What does the "nodraw" texture do?

When I make maps, I simply makes all the brushes with nodraw as a standard base, then texture visible faces and fit the brushes to the textures.
Nodraw is allways useful, and in your example, you start with nodraw on the water brush first, then texture the surface with a water texture

under masses of displacements its more than necessery.

Before source automatically started culling and stop compiling areas that players could never get to (see: solid rooms that were textured but had no connections to the world itself) nodraw would be used so the face would never be rendered. It was used more back in the Quake 3 days (where it was called Caulk) to prevent “sparkles” (I can’t quite remember the actual name for them). Back then it was a basic neccesity to ensure decent performance. These days, its usefulness has been very slightly reduced but other than that, it’s still an essential tool for any mapper.

I prefer to apply nodraw myself. While the engine culls unseen textures I’d imagine it would miss some (much like the engines visibility calculator can screw up by placing a visibilty portal in a totally obscene place).

Like the old saying goes, If you want something done right, do it yourself.

Dynamic occlusion.

I can’t say I understand what occlusion has to do with nodraw/unseen textures. Nor can I say I know what it has to do with visibility portals.

Isn’t occlusion a post processing effect? Meaning it’s applied to the frame AFTER it’s rendered?

My bad I was thinking of ambient occlusion.

I still don’t understand though, if the engine can prevent rendering of textures/models/etc that can’t be seen. Then why did valve even create the tools? And if they’re outdated tools, why are they still included? From what I’ve seen area portals are still used massively.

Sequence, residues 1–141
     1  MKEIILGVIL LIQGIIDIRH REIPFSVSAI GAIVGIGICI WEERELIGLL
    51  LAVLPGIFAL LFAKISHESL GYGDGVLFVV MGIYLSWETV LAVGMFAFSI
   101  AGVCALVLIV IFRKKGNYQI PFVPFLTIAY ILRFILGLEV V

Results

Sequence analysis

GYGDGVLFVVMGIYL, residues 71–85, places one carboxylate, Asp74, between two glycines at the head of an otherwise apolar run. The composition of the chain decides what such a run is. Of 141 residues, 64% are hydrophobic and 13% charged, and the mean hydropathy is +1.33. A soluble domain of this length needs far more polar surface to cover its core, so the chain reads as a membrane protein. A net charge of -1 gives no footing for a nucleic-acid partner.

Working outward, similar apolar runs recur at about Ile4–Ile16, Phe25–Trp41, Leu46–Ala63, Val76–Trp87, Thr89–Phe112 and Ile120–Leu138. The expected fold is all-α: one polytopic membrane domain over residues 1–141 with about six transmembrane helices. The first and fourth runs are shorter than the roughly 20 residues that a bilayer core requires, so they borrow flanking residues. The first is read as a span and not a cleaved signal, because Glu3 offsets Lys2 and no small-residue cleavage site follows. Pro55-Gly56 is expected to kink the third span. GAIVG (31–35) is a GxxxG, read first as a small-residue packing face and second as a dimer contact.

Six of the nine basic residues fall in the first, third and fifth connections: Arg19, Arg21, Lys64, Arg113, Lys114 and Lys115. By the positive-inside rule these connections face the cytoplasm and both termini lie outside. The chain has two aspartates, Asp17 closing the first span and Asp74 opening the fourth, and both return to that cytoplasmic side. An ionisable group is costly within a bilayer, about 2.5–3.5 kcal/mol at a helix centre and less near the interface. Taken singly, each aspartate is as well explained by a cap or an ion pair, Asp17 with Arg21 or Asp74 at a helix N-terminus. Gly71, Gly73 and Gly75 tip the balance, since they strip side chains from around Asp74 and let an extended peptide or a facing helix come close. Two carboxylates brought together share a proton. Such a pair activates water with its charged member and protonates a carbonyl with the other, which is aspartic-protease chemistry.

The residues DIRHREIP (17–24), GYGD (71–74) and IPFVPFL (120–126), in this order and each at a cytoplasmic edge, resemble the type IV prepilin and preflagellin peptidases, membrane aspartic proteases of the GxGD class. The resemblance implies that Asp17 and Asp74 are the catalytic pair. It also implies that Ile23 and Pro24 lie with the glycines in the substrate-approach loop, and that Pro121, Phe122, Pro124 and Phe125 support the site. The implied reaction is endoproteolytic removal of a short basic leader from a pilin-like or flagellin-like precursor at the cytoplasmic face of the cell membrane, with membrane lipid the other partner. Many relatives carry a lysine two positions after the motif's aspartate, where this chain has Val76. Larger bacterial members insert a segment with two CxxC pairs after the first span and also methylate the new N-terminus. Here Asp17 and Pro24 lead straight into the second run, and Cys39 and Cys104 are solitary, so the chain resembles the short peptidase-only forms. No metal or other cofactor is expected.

Because bad mappers exist.

That and it’s derrived from Quake.

So valve created the tools to fool bad mappers?

Nodraw is still useful. Just because faces you don’t see get culled, doesn’t mean they don’t exist. It still has to cull them every frame. Or you can just use nodraw and then they’re culled in pre processing. Besides nodraw is not just for optimisation.

[editline]11th February 2011[/editline]

Hasn’t how the bsp is handled always naturally prevented this even through quake.

Carve.

I’m not talking about those tools (and who uses Carve anyway?)
I mean the tool textures like nodraw, hint, areaportal,etc.

valve never implemented dynamic occlusion. I think its due to the .bsp tree. I know GiGabite could explain this better probably.

(If I understand what you’re saying from your slightly butchered english) It just never did. In Quake (or older versions of Source SDK) you can make a room, add nothing at all (ents included) to it and then compile, the room will still exist. In newer versions of the SDK if you do the same thing when compiling it’ll automatically not compile that room. It’s small things like that Valve have done to try and improve the communities mapping overall.

In short, you somewhat answered it here, albeit not quite so directly

Also, Carve is also from the days of Quake. Valve just never removed it.

So long as that room contains at least one entity it will compile right? It is a pretty good idea to include that kind of thing, it does help stop the bad mappers from wasting resources.

This isn’t entirely correct. Rooms with no entities confuse VBSP since it relies on the presence of entities to determine what is inside the map and what is void space. What will happen is since VBSP can’t determine where the void is, it will strip the faces of all sides of the brushes making up that room and put the void on both sides.

You can confirm this by compiling an empty room adjacent to a room with a player start. Put a texture on the empty room floor that has a surface property of glass (like lights/white003) and compile the map. When you get in-game, noclip out of the spawn room to where the empty room is supposed to be and shoot the invisible floor, you’ll hear the glass cracking sound. The brushes will still be present, and count against the limits of the compile resources.

Older versions of the engine, and HL1 counted texture lights as entities, so any texture that would emit light could cause rooms with no entities to be compiled and rendered useless in game since there was no way to get to them. There are many examples of this in HL1 levels, with a couple being ns_nothing (removed vent) and ns_osmsiege (void between alien siege hall and hive room) on the mod Natural-Selection.